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Oct 17, 2011 10:37 AM

Prairie man would like to eat fish.

I never had much seafood growing up. Mom used to say she was 'allergic'.Fish was rarely in our house and therforeI havn't yet developed a real taste for it. I like shirmp,calimari and of course fish&ch,but It would be great to start cooking vertibrae.[ where to start?] Any good starter recipes?...or tips? Unless u catch yr self , here in the Canadian breadbowl, findingfish is fun too.I don't even know what I'm looking for.

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  1. We are land-locked, too, so opt for frozen. Tilapia is good, cod, salmon... it all comes in pre-portioned sizes. Some folks abhor the idea of frozen fish, but I would rather have a freshly frozen fish over something that spent at least a day and a half getting here by truck or plane.
    I bake the stuff, adding some spices/herbs..... maybe some lemon juice. I like a lightly seasoned fish. Poaching is nice, too. Google some recipes to find a flavor profile that you might like.

    2 Replies
    1. re: wyogal

      thnx man , I see frozen fish all th time. hey, does it come scaled and cleaned at the store? Also, do you thaw it , before cooking?I that's a dumb quest i know but, I wanna make sure my first experience works .I really love smelling fine resturants that are serving perfectly cooked seafood.I have to try that at home.

      1. re: hetook

        Yes. If you buy most preportioned fish (filets) you will find thawing and cooking instructions on the package. That seems to be how most fish is packaged now, although sometimes you can find large pieces simply flash frozen.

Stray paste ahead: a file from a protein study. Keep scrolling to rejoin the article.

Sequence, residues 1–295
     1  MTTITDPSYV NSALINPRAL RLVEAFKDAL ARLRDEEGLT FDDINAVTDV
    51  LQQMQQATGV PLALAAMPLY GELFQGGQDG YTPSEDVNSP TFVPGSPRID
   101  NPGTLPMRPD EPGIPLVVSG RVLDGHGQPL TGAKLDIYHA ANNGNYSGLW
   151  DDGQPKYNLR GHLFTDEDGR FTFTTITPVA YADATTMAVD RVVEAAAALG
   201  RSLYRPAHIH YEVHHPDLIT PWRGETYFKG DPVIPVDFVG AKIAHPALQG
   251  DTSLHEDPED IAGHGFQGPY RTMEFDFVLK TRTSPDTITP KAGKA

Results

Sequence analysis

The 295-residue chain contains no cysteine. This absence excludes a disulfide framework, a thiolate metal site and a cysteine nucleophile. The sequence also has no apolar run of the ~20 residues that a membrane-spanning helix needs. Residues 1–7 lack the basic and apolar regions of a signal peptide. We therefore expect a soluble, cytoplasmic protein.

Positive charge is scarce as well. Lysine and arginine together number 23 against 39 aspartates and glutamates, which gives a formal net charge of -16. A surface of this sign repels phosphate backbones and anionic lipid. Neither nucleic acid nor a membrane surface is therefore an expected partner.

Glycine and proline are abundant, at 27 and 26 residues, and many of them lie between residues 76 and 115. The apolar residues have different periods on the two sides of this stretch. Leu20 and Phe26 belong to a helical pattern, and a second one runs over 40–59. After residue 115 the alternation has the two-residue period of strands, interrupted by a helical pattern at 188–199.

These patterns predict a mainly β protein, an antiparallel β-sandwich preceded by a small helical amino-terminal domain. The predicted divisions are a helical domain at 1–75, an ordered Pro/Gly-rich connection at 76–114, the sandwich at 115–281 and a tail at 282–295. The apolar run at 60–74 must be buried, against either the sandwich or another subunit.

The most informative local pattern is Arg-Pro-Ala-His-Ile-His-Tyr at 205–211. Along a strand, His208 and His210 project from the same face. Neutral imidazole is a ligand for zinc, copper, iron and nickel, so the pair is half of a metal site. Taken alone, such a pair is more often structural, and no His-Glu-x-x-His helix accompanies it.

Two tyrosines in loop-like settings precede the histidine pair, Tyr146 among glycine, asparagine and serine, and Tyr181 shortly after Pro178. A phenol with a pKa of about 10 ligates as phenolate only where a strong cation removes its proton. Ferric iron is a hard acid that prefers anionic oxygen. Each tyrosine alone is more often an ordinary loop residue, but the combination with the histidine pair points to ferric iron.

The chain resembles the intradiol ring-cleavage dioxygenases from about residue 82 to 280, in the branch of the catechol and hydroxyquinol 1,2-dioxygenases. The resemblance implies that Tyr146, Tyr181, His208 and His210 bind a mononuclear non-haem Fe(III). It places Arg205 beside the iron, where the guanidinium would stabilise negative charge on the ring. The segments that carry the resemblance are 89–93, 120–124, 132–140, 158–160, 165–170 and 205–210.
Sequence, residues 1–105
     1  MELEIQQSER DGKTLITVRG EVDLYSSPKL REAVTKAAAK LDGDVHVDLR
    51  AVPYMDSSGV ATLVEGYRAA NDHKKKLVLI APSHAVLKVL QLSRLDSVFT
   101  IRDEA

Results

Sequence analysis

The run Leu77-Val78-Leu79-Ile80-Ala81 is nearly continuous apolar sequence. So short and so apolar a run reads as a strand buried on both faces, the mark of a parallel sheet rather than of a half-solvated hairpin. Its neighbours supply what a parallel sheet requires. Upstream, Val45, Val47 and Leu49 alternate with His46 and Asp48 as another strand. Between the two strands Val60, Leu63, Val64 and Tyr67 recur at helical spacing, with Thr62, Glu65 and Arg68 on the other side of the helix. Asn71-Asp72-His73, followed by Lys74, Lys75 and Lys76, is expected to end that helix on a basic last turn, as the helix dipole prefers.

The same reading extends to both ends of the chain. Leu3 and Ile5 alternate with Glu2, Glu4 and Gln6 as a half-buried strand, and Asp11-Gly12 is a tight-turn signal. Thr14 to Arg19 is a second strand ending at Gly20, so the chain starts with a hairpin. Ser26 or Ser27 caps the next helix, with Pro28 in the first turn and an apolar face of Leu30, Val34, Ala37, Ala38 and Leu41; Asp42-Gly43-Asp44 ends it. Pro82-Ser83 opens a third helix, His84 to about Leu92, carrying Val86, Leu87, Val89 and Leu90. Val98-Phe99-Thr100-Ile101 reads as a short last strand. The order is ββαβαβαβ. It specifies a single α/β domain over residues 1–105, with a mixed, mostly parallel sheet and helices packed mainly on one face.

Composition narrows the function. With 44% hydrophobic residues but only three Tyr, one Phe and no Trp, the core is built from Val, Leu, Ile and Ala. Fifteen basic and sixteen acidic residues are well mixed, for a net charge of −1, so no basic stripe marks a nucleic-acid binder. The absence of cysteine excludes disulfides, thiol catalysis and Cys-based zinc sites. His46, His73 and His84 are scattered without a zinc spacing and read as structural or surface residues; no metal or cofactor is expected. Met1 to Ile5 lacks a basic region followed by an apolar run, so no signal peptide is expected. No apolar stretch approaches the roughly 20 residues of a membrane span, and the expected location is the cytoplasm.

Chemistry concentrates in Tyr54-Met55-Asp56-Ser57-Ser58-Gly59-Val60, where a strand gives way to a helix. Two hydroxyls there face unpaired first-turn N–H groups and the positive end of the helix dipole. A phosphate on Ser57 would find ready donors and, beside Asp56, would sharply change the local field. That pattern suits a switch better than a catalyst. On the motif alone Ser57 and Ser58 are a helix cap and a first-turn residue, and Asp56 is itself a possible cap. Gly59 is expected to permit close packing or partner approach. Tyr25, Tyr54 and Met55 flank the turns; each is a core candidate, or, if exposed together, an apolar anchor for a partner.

I recommend baking for a start.

        Google some recipes and try some out. Tilapia is a good starter fish because it cooks up nice. After you eat some Tilapia, you will want to try other good fish. Salmon, for instance.

    2. I live in a similar situation, just a bit south. I prefer to buy frozen fish. I've tried a variety of kinds. Baking is a great, forgiving way to cook many kinds of fish. I like to pat a bunch of sesame seeds or breadcrumbs on the top side (side without skin if there is skin). For freshwater fish, or fish that is bland I like to steam with some slivers of ginger, lemon (rind and all) and a good splash of soy sauce.

      Catch your own always tastes great, especially cooked over a campfire with a cold beer! I'll eat fish I normally don't like with relish that way.

      1. I live in the "breadbowl" there is fresh fish at the average supermarket or at Costco for that matter.

        and since Salmon is abundantly available:

        1. [ where to start?] Any good starter recipes?...or tips?



          1. these are great posts.